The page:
Year 4: $10.26

    Total = $37.21
    Savings = $37.21 – 4 x $7.85 = $5.81 per domain.

    $5.81 vs. $5.90 — it turns out the rounding would have worked against VeriSign every year. :)

    Taking things further, doing it with the accurate numbers above, the schedule over all 6 years would have been:

    Year 1: $8.39
    Year 2: $8.97
    Year 3: $9.59
    Year 4: $10.26
    Year 5: $10.26
    Year 6: $10.26

    Total = $57.73 – 6 x $7.85 = $10.63 per domain over the 6 years

    Note that it’s OPTIMAL to front-load all price increases (i.e. if you could only raise it 4 out of every 6 years, make sure you raise it in the first 4 years,).

    $10.63 multipled by 100 million domain names exceeds a billion dollars. That helps explain why VRSN stock is down so much.

    For bonus points, calculate the savings to consumers if there was a competitive tender, and prices went down to $2/yr. That’s the $500 million/yr+ that consumers SHOULD be entitled to, and that we continue to see going into VeriSign’s pockets.

  5. says

    Kudos to George Kirikos for the breakdown of savings. Indeed, the r*ping of consumers have been going on without control. It’s the downside of all monopolistic markets, where things work under “contracts”. Remember the days of Network Solutions? If it weren’t for competition, we’d still be paying $50 per domain.

  6. says

    George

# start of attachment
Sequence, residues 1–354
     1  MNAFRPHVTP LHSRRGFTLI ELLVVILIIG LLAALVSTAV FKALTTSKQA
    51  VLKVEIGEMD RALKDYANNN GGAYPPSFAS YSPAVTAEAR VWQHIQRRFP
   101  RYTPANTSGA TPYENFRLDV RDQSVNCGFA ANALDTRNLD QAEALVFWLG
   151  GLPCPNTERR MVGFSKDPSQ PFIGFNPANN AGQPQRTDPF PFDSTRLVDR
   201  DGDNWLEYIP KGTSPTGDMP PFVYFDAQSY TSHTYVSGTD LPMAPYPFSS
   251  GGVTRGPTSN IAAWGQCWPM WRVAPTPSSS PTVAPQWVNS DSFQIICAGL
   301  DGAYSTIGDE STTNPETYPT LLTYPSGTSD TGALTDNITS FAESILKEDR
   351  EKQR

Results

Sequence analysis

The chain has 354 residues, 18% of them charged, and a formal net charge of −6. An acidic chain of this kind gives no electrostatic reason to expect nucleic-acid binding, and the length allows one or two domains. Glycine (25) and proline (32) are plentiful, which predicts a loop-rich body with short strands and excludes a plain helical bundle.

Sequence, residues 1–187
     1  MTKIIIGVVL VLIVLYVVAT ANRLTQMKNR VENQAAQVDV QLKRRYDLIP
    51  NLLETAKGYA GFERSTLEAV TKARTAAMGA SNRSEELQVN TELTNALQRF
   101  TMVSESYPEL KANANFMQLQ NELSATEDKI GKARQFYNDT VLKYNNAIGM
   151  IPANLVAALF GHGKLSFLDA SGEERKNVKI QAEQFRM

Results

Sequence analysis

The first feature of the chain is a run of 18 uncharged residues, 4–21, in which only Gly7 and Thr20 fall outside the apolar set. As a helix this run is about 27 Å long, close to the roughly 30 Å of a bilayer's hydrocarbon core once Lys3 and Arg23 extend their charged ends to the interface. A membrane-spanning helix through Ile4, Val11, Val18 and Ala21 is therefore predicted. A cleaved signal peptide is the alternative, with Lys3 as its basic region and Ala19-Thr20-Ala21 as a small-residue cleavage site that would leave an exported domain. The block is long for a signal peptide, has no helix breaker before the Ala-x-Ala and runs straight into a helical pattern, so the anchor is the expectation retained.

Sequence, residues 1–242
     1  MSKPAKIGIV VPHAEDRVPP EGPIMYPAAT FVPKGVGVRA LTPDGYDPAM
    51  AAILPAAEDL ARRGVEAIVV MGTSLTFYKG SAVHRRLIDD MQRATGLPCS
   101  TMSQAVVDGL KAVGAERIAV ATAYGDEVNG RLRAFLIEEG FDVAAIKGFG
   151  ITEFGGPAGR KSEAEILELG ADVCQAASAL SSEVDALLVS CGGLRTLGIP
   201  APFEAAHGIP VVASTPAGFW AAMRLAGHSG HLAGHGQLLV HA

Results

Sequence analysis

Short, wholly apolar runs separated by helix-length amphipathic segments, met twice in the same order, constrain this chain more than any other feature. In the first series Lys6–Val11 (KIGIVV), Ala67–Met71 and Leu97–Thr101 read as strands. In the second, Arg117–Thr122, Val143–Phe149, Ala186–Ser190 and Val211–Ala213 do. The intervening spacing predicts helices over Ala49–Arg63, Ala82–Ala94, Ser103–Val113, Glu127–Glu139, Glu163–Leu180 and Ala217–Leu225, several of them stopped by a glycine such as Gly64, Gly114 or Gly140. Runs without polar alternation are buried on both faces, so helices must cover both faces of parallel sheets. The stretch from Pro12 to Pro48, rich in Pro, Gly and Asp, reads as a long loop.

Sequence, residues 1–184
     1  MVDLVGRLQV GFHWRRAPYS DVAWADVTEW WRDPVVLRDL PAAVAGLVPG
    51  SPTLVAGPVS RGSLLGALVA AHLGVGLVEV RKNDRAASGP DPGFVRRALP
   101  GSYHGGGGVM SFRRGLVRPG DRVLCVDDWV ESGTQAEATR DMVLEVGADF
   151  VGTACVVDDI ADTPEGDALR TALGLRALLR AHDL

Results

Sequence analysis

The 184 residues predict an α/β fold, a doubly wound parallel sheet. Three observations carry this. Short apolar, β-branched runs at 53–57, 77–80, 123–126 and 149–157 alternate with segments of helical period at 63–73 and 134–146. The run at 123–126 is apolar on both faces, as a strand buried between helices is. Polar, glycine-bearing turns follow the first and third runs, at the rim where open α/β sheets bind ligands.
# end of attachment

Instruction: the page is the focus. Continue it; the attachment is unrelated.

“”Note that it’s OPTIMAL to front-load all price increases (i.e. if you could only raise it 4 out of every 6 years, make sure you raise it in the first 4 years,).””

    I agree but that is not what Verisign did under the old contract so I don’t think you can assume they would have done it under the new contract

  7. Paul says

    The really great news is those savings will be passed on to consumers. You know, folks who are forced to pay $100,000 for a domain someone else is just sitting on.

    In that light, I’m so glad domainers won’t have to pay another couple of bucks per domain. It warms the heart.

    I also agree with Acro. It’s a terrible thing for consumers when monopolistic markets emerge. No wait… that’s what .com domainers want. I stand corrected.

  8. says

    @Paul

    I understand your sentiment, but buyers of domain names
    are not “consumers”, they are end users; business people who
    are, like the ‘domainer’, looking to make a profit.

    These business people are also not “forced” to buy anything,
    and next year (due to the upcoming gTLDs) they will have a
    great deal more choice in terms of the online identity they
    will, or could, assume.

  9. says

    Domo: Directly, and indirectly through my companies, there are roughly 500 domains, so that’s a total “savings” on the order of $5K over 6 years, compared to the contracts with the automatic price increases.

    However, when compared to a tender of the .com contract, where prices should go down by $5/yr per domain (to below $3/yr wholesale price to registrars), we’re still paying $2,500/yr more than we should be — over 6 years, that’s $15K more that we should be saving. For the public, with over 100 million dot-com domains, that’s $500 million/yr, or $3 billion over 6 years that we’re still collectively being overcharged.